The Great life of Aaron Copland

Aaron Copland was an American composer, composition teacher, writer, and later in his career a conductor of his own and other American music. Aaron was born on November 14, 1900. in  Brooklyn, NY.son of immigrant parents from Poland and Lithuania, Copland was exposed to concert music up through the Impressionists at an early age while growing up in New York. He studied harmony, counterpoint, and sonata form at the Boy'son of immigrant parents from Poland and Lithuania, Copland was exposed to concert music up through the Impressionists at an early age while growing up in New York. He studied harmony, counterpoint, and sonata form at the Boy's High School, and saved enough money to take off for Paris at the age of 20. There he studied with the legendary Nadia Boulanger, teacher of a generation of American composers. In Europe, he met avant-garde composers, began to find his love for jazz.

1932—First visit to Mexico, arranged by Carlos Chavez, which includes first all-Copland program (organized by Chavez at the Conservatorio Nacional de Music on September 2nd: Two Pieces for String Quartet, Piano Variations, Two Pieces for Chorus, and Music for the Theatre); joins the Board of Directors of the League of Composers; joins a social and professional collective called Young Composers’ Group (including Arthur Berger, Henry Brant, Lehman Engel, Vivian Fine, Bernard Herrmann, Elie Siegmeister, and others).

Copland, to all intents and purposes, retired from composition in 1965, although short pieces occasionally came from the shop. This was a combination of the public's rejection of his latest works (including Inscapes, one of the great postwar American scores) and of the oedipal acting out of younger composers, who essentially ignored him.





In 1920, he set out for Paris, modernism's home in the years between the wars. Among the many vital legacies of his stay in Paris were his association with his teacher and mentor Nadia Boulanger; a growing interest in popular idioms; and the insight that there was as yet no American counterpart to the national styles being created by composers from France, Russia, and Spain. He became determined to create, in his words, "a naturally American strain of so-called serious music."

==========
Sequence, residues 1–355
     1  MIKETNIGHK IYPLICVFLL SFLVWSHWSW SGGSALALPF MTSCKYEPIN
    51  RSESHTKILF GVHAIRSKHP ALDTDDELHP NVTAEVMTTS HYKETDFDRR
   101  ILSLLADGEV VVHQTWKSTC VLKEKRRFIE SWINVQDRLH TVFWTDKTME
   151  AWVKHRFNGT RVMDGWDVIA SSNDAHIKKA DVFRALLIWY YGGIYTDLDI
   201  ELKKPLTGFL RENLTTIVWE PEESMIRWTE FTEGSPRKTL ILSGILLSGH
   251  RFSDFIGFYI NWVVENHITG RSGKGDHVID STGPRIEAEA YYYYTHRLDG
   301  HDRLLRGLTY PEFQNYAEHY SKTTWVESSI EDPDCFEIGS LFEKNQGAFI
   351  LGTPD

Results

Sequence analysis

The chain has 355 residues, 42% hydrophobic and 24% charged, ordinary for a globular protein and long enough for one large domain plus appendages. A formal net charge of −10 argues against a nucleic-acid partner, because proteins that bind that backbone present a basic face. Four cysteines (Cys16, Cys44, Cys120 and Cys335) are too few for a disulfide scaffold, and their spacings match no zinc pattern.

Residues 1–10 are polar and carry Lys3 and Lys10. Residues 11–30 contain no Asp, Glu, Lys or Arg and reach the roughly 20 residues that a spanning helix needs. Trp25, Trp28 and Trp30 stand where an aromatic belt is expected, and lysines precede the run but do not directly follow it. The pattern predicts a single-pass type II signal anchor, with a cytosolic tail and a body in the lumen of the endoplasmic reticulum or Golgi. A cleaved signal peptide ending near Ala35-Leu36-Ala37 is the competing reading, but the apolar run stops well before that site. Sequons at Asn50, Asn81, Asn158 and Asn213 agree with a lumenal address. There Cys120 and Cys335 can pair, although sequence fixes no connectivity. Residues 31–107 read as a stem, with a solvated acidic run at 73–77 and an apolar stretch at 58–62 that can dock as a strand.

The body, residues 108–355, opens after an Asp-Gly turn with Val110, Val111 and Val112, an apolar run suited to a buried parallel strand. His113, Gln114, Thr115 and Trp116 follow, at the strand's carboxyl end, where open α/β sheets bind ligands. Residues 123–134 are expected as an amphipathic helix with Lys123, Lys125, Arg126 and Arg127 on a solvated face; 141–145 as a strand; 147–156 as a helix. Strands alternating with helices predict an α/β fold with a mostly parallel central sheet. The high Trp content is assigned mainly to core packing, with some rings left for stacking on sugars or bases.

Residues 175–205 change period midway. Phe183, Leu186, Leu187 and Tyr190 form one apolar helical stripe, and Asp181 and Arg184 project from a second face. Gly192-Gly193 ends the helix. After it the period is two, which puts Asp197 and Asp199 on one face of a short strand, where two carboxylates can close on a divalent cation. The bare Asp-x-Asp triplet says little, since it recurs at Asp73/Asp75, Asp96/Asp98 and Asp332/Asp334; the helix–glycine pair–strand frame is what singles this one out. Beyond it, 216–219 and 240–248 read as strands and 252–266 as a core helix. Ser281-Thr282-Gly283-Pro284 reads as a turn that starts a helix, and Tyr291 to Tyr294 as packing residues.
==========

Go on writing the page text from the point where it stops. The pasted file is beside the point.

The son of immigrant parents from Poland and Lithuania, Copland was exposed to concert music up through the Impressionists at an early age while growing up in New York. (One of his teachers prevented him from glancing at Charles Ives' Concord Sonata so he wouldn't be "contaminated" by it.) He studied harmony, counterpoint, and sonata form at the Boy's High School, and saved enough money to take off for Paris at the age of 20. There he studied with the legendary Nadia Boulanger, teacher of a generation of American composers. In Europe, he met avant-garde composers, began to be interested in jazz, and decided to create a uniquely American sound in his works. This ideal began to be realized in his pieces of the 1930s and 1940s which include the ballets Billy the Kid (1938), Rodeo (1942), and Appalachian Spring (1943-1944), and the orchestral scores Music for Radio (Prairie Journal) (1937), An Outdoor Overture (1938), Quiet City (1939), Lincoln Portrait (1942), and the famous Fanfare for the Common Man (1942).During this time, Copland also created original and innovative scores for several films: Serlin's The City (1939),


Basic information- 1. Aaron Copland was an American composer, composition teacher, writer, and later in his career a conductor of his own and other American music.

 2. Aaron was born on November 14, 1900

 3. Aaron died December 2, 1990 in Sleepy Hollow what are you doing


links cope and paste

http://www.pbs.org/wnet/americanmasters/episodes/aaron-copland/about-the-composer/475/

https://soundcloud.com/festine/copland

http://www.rottentomatoes.com/celebrity/aaron_copland/biography.php

http://www.coplandhouse.org/aaron-copland/timeline/

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